For Preachers Only

Well, not really for preachers only, but for anyone interested in preaching which, I trust, will include most anyone who subscribes to “You and God.” I have been a lover of preaching ever since I first set foot in a Bible-preaching church at the ripe old age of six. It has been my privilege to have been a preacher starting unofficially when I was about 18 years old.  What I am going to share with you is nothing original with me, but is some of the best advice I have collected through the years directed to preachers who desire to become more effective in preaching. I hope you will be blessed, if not benefited, by this post.

Haddon Robinson, a teacher of homiletics, says there are three kinds of sermons from the perspective of a listener: “Those I can’t listen to, those I can listen to, and those I must listen to. One of the greatest sins of a sermon is for it to be boring. For communication to be effective it must be verbal, vocal and visual. Movement, animation, humor, intensity and good illustrations are all part of a good sermon. To be effective with an audience, a sermon must have first been effective in the preacher’s life. Longfellow once said, ‘A sermon is not a sermon unless I feel my heartbeat.’ This should be true for the listener and the speaker.”

Dr. Bob Kelley was a faithful pastor for 43 years before being called home to heaven in 2006. In 2007, Sword of the Lord printed an article by Dr. Kelley entitled “The Greatest Lessons I have Learned as a Preacher of the Gospel.”  Here are a few of them: (1) Your best sermon is your family; love your wife, and teach your children to stay close; (2) Empty wells produce dead cats and dry leaves—personal devotions are a must to prevent burnout and keep a fresh presence of the Lord; (3) Love people as they are, rough edges and all, and never, ever give up on them. (4) You do not get what you want in life, you get what you are—character matters. (5) Never, ever lose your burden for souls; (6) Guard your tongue; (7) Learn to calculate what is worth making an issue over; learn the difference between convictions and preferences. (I will share more of Dr. Kelley’s life lessons in a future column.)

Dr. Robert McCheyne was a great Scottish pastor. A visitor to Dundee, Scotland, attempted to find someone who could share some memories of the great preacher. He found an old man who had known the pastor and his preaching. “Can you tell me some of the texts of McCheyne’s great sermons?” he asked.” “I don’t remember them,” said the old man, shaking his head. “How about some of his striking sentences he uttered, or some of his best sayings?” “I’ve forgotten them entirely,” was the reply. Greatly disappointed, the visitor in desperation said, “Don’t you remember anything at all about him?” “Ah,” replied the old man, brightening, “that is a different question. One day when I was a laddie playing by the roadside, Robert McCheyne came along and, laying his hand upon my head, said, ‘Jamie, I’ve been to see your sick sister. I’m always glad to see her and help her as I can.’ Then he paused and after looking a bit into my eyes added, ‘And, Jamie, I’m very much concerned about your own soul.’ I’ve forgotten his texts and grand sermons, sir, but I can still feel the tremble of his hand and see the tear in his eye.” It’s obvious, but a lesson we dare not lose:  Preachers must love people, all kinds of people, without qualification, loving them for Christ’s sake even as He loved us and gave Himself for us.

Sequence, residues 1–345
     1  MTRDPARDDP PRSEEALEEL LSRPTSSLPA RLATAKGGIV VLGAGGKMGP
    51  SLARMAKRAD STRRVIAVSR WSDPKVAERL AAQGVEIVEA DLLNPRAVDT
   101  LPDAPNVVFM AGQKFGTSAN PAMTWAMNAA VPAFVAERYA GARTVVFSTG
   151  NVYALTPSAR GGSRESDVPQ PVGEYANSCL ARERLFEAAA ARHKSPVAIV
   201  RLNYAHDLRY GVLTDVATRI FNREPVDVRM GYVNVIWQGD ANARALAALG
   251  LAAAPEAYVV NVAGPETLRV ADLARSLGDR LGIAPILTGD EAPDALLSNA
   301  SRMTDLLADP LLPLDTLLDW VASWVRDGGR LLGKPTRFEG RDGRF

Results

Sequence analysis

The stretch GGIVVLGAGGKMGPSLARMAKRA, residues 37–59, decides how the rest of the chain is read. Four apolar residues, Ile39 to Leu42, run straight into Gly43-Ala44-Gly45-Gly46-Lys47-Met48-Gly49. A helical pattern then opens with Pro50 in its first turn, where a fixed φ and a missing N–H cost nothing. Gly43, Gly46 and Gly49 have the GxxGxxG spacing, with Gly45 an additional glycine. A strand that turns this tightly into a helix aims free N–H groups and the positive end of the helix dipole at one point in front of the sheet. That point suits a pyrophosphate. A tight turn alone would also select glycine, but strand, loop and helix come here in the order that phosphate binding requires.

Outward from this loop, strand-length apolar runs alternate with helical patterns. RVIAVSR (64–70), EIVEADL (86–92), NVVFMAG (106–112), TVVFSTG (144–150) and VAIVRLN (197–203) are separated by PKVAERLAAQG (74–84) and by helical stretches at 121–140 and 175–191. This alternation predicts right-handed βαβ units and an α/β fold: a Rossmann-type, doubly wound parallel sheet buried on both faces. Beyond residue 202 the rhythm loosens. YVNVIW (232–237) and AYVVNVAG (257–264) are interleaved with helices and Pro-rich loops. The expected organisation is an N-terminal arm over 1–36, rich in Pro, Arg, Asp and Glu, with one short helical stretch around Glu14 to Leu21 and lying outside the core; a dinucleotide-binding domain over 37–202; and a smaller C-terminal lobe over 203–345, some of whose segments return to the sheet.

Next, preachers must love to preach! That’s what God has called you to do. It must ever be your primary concern and foremost passion. One man of God put it this way: “I would rather preach than do anything else in the world. I would rather preach than eat my dinner or have a holiday. I would rather pay to preach than be paid not to preach. It has its price in agony, sweat and tears; and no calling has such joys and heartbreaks, but it is a calling an archangel might covet. Is there any joy like that of saving a soul? Any thrill like that of opening blind eyes? Any reward like the love of children to the second and third generation? Any treasure like the grateful love of hearts blessed and comforted?” (Samuel Chadwick)

Rev. George Ridout lamented the weak pulpits of his day: “We are suffering today from a weak pulpit and pointless preaching.  We have clever speakers but few prophets; we have too few fearless speakers for God and truth. We have the best paid and best educated ministry but too much of it is popular, flabby and insipid and stirs neither heaven or hell. We sadly lack men to whom the pulpit is a throne of power; we have too many men flying kites of superficial thinking instead of men whose utterances burn and whose sermons scorch the wicked. We have too many who coddle the saints and fail to collar the sinners. The American pulpit needs a great awakening.” One might guess these were words of a contemporary commentator on the pulpits of America, but George Whitefield Ridout lived in the Toronto area, where he was a lawyer, judge and businessman in the early 1800’s. His concerns for the pulpits of his day are still apropos two hundred years later!

(More on preaching in a forthcoming installment of “You and God.”)

Preach the Word; be instant in season, out of season; reprove, rebuke, exhort with all longsuffering and doctrine.” (2 Tim.4:2)

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